Superhighways runs a monthly free one hour introduction to Cyber Security session designed for all staff, volunteers and trustees at small community charities and community groups.  Education of the users of your IT systems is one of the most important ways of improving your organisation's security.  If you would like to attend one of these sessions, visit our website training page.


So that more people can access the content, we've summarised the course below.  We've also created a Microsoft Sway, a presentation tool that works really well on laptops, phones and tablets.


Cyber Security Basics Sway


Why is this important for charities?

The UK has circa 166,000 registered charities that process £48 billion each year. They also have around 800,000 workers and 14 million people volunteer each year in the UK. (see How Charities Work and Volunteers Week)

In the 2023 DCMS Cyber Security Breaches Survey:

  • 24% of UK charities had experienced a cyber attack in the last 12 months
  • 38% attacks had affected their service
  • 19% attacks caused harm
All businesses face cyber threats, but there are a few reasons charities may be more vulnerable:
  • Charities may spend money and time on front-line services rather than enhancing cyber security
  • Charities tend to have a higher turnover of staff and volunteers with many being part-time, so less provision is given to ensuring all are aware of cyber security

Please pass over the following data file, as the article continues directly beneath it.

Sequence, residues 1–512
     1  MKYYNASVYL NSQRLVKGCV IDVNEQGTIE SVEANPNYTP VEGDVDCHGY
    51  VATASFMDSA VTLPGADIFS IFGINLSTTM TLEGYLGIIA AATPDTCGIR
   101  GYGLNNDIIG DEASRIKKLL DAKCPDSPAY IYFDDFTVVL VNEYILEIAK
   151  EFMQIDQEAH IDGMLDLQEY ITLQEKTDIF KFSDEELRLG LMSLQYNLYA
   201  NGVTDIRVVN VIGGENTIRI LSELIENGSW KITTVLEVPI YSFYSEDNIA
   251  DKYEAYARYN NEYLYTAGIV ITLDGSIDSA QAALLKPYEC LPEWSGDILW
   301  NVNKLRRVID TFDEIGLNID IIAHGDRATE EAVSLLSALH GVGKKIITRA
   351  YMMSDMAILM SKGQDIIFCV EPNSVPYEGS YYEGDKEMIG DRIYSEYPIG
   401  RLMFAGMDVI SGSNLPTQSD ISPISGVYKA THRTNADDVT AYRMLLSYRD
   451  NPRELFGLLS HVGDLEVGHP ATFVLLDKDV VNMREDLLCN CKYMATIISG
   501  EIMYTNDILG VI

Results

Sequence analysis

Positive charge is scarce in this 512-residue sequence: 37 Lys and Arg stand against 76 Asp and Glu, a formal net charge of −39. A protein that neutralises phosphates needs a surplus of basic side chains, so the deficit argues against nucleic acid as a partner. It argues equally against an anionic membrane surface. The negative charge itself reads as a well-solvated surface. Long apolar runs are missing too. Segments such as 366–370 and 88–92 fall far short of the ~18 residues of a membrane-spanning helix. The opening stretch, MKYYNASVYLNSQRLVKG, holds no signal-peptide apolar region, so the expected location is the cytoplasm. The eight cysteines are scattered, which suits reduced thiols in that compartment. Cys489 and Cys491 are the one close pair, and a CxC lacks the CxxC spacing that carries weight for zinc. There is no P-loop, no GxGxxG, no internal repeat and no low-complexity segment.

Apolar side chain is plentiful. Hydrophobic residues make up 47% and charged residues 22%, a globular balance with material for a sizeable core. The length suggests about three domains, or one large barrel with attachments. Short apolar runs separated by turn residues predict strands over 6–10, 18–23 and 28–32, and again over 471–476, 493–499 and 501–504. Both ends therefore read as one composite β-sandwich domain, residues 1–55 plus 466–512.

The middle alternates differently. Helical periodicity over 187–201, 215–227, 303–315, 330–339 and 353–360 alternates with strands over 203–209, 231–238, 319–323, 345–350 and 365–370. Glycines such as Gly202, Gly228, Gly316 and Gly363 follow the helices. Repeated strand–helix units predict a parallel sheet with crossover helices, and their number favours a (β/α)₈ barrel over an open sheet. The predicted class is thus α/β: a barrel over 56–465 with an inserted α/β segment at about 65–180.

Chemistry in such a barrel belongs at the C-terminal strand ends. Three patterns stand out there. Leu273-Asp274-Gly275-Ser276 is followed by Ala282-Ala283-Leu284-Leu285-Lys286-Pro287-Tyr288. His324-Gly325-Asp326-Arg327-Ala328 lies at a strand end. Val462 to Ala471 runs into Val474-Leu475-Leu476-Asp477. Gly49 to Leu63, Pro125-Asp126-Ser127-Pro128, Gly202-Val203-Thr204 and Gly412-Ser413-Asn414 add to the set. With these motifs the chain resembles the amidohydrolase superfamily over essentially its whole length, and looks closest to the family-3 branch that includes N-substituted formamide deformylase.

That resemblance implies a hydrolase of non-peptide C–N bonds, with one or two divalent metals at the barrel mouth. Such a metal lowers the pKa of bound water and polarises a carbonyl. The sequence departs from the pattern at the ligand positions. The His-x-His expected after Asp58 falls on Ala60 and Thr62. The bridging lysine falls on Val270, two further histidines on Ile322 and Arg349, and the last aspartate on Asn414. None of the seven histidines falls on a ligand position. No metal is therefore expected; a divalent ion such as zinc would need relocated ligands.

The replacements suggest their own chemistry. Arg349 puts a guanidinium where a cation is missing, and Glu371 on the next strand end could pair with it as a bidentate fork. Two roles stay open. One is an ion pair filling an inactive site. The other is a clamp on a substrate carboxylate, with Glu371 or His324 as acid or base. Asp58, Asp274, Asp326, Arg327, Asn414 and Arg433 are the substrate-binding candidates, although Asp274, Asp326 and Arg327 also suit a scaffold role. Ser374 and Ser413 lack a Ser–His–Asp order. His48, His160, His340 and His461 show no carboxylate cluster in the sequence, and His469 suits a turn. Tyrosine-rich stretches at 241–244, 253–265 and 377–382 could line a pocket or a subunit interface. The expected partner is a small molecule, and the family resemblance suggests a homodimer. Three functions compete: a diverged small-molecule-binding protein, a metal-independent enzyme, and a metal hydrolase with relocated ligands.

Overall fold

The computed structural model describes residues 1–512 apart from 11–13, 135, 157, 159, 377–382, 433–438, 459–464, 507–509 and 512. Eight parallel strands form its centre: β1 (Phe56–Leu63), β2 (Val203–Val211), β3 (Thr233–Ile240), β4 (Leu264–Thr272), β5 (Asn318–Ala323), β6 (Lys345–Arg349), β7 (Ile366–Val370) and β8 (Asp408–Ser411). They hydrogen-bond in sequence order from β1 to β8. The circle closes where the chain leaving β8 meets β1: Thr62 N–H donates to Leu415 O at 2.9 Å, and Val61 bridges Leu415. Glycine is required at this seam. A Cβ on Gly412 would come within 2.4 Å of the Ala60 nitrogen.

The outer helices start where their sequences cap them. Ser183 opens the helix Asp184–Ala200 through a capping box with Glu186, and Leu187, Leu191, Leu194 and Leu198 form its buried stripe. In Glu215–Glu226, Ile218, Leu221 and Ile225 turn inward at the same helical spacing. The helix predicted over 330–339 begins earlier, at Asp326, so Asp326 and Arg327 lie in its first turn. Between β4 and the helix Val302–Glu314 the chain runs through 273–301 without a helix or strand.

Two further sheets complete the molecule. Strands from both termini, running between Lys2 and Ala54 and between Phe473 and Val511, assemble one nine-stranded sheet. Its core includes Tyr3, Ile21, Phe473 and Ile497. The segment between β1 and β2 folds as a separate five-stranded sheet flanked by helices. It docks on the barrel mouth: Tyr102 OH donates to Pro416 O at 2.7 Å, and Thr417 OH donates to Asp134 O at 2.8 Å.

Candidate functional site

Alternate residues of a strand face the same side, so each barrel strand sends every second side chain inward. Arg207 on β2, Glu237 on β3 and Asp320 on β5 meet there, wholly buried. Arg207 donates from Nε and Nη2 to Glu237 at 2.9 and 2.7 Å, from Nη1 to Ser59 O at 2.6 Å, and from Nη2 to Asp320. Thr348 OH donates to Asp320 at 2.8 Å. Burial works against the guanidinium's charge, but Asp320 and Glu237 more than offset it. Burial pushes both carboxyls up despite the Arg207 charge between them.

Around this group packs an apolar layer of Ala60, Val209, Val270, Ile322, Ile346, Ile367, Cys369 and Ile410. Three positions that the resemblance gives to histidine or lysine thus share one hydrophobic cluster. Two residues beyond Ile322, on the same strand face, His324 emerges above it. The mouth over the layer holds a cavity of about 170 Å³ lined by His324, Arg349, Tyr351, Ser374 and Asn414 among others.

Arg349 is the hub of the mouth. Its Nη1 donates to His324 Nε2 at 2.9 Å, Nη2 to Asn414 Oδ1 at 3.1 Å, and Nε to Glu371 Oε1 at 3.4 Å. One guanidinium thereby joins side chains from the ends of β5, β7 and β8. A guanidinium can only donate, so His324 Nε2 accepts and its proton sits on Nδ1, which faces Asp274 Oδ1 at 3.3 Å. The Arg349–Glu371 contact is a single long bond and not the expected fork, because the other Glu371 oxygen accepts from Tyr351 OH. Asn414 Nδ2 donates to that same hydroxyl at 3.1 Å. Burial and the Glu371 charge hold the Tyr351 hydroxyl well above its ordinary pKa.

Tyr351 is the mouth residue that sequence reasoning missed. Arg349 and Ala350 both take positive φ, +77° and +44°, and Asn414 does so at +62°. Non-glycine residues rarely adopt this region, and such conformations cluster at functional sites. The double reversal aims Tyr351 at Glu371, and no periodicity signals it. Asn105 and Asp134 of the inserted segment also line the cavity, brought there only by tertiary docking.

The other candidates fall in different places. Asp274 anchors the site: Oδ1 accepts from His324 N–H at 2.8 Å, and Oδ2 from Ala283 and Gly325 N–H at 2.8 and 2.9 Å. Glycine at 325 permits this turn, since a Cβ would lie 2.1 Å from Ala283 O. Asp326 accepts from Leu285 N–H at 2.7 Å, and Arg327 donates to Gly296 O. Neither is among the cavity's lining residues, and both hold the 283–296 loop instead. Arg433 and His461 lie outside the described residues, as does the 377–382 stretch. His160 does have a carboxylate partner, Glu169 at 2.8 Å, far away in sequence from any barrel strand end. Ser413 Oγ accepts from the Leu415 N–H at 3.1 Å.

• Charities often have lots of people using their own devices whether that's phones, tablets or laptops and desktop PCs


How can everyone reduce the chances of their charity suffering an attack?

We focus on some key principles that everyone in the organisation can get to grips with.

  1. Use strong Passwords
  2. Defend against Phishing Attacks
  3. Secure your Devices
  4. If in doubt, ask someone else

Passwords & Multi Factor Authentication

Use strong passwords

Use three random words to create strong, long and memorable passwords

  • For example: carrot phone window
  • Add punctuation and/or numbers as necessary:
  • Don't use any predictable words e.g. your pets, children's names, favourite football teams etc

Read the National Cyber Security Centre(NCSC's)logic behind the three random words


Don't reuse passwords

Don't use the same passwords for personal and work accounts and ideally, have unique passwords for all of your accounts, but especially for:

  • Work device accounts
  • Email accounts
  • M365 or Google Workspace accounts
  • Financial accounts
  • Social Media accounts


Keep your passwords safe
  • Don't reveal your passwords to anyone.  If you do need to write them down, keep them securely away from your device.
  • You could use a password manager - read guidance from the NCSC here to find out more.
  • When you're logging into your online accounts, most web browsers (such as Chrome, Safari and Edge) will offer to save passwords for you. It's safe for you to do this on your own device if you have a secure login.  Do not do this on shared devices, unless everyone logs in with their own account and always logs out.


Use Multi Factor Authentication

When you use Multi Factor Authentication (MFA) on something like your M365 account, you reduce your chances of the account being hacked by 99.99%

MFA is a method of verifying a user's identity using more than one piece of evidence. Typically, MFA involves a combination of:

  • something the user knows (such as a password)